Although still very much a traditional zombie game, Dying Light 2 is attempting to embed itself in the RPG genre by focusing on systems-led design.
Speaking to GamesIndustry.biz, the game’s Chief Creative Officer Adrian Ciszewski expanded on Techland’s aim to translate RPG choice into action-oriented gameplay.
Firstly, he explained that helping particular factions will directly affect zombie population numbers in the open world. Whenever a player impacts how a faction behaves, it will drive zombies to different areas. For example, if the player helps the Peacekeepers in clearing out the streets, then zombies will be driven into a new location.
The zombie’s migratory nature can cause extreme knock-on effects. By stabilising one area of the city, a player may inadvertently push another into chaos. These new areas may hold important side quests or vendors, and the influx of zombies may decimate the local human population.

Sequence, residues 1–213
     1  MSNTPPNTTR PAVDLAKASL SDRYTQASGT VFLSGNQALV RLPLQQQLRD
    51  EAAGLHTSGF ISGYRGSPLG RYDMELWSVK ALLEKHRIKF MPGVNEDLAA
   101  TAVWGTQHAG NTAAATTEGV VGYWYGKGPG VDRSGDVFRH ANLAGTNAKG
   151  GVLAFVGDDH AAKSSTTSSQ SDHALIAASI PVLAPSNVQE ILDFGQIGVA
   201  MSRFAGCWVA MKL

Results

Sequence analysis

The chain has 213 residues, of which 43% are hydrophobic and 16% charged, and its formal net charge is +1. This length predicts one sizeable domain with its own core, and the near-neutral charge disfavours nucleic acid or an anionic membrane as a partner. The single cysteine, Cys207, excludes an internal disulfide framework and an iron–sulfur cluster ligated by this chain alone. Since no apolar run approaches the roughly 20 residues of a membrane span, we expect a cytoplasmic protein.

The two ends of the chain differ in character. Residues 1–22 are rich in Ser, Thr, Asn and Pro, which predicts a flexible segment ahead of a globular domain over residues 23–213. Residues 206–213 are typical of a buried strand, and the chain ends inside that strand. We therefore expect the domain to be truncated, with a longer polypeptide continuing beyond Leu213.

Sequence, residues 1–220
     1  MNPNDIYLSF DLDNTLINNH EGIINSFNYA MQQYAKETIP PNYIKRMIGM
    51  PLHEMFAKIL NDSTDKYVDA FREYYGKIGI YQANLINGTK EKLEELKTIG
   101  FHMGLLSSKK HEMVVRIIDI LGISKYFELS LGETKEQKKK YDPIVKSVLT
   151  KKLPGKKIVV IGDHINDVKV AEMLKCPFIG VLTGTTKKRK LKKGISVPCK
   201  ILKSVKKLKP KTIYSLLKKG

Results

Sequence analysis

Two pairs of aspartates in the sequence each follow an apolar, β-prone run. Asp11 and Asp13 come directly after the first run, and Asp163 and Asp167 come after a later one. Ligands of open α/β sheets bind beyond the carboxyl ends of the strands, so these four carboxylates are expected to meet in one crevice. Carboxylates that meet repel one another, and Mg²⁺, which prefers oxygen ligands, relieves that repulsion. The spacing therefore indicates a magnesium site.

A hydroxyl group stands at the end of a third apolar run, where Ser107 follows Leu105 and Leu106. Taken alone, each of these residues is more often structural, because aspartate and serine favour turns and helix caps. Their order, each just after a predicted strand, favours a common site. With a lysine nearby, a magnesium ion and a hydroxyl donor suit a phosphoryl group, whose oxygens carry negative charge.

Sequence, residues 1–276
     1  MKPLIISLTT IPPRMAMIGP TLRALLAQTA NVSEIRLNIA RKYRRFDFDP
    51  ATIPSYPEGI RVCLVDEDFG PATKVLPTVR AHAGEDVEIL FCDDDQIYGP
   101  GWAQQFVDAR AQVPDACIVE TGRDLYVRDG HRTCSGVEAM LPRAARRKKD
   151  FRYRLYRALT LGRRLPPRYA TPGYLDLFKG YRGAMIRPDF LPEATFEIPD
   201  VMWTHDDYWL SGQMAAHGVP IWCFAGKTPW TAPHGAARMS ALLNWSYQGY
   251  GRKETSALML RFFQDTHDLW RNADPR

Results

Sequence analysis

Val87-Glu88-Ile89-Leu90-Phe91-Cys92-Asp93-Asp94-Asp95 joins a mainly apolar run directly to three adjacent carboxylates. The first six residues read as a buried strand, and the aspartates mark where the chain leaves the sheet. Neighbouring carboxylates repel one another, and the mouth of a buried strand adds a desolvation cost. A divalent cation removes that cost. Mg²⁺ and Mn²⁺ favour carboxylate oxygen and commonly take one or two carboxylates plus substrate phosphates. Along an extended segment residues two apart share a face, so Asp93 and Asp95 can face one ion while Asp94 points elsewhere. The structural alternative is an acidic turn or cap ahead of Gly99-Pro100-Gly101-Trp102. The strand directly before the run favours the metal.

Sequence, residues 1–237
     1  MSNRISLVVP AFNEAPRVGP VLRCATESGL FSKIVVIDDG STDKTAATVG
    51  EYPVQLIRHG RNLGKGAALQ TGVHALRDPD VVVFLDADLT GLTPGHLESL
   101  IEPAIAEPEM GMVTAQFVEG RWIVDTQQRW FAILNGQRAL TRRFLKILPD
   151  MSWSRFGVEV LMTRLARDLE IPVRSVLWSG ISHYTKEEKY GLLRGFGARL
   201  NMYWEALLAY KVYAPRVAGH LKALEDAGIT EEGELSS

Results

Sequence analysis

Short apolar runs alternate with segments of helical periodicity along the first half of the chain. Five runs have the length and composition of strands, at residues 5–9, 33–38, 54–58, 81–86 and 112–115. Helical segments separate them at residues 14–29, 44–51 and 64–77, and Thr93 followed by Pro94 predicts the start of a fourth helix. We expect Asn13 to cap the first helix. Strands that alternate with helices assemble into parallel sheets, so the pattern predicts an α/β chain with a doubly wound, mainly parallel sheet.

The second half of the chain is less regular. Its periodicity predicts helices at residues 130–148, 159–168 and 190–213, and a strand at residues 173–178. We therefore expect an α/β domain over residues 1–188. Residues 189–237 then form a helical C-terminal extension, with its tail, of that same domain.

However, by being aware of this dynamic world state, players at a lower level can manipulate the system to explore tougher areas early. Players can drive zombies into areas or increase living people’s interest in an area to implicitly herd zombies. Ciszewski explains as follows:
“So, in one part of the city, for example, there might be a lot of zombies—even during the day—because there are no people. But, if you make people interested in this location, there won’t be as many zombies, so the difficulty level will drop. It’s up to you, as you have the tools to manipulate these things.”
The result is a system that ignores the genre’s reliance on level-gating, as well as creating tangible consequences. Player choice will affect not just the area they inhabit at a time, but the way in which they interact with the city.
With Chris Avellone on board, Dying Light 2 has taken a more refined direction than its predecessor. When exploring a world thrust into a “modern dark ages,” players will need to be constantly aware of consequence. Exploring this idea further, Ciszewski stated that:
“[Techland’s] vision for choices and consequences is different. We’re creating a sandbox experience on the gameplay side […] We’re thinking about choices and consequences as a gameplay, as a narrative sandbox—not just picking a dialogue choice in a cutscene and branching the story.”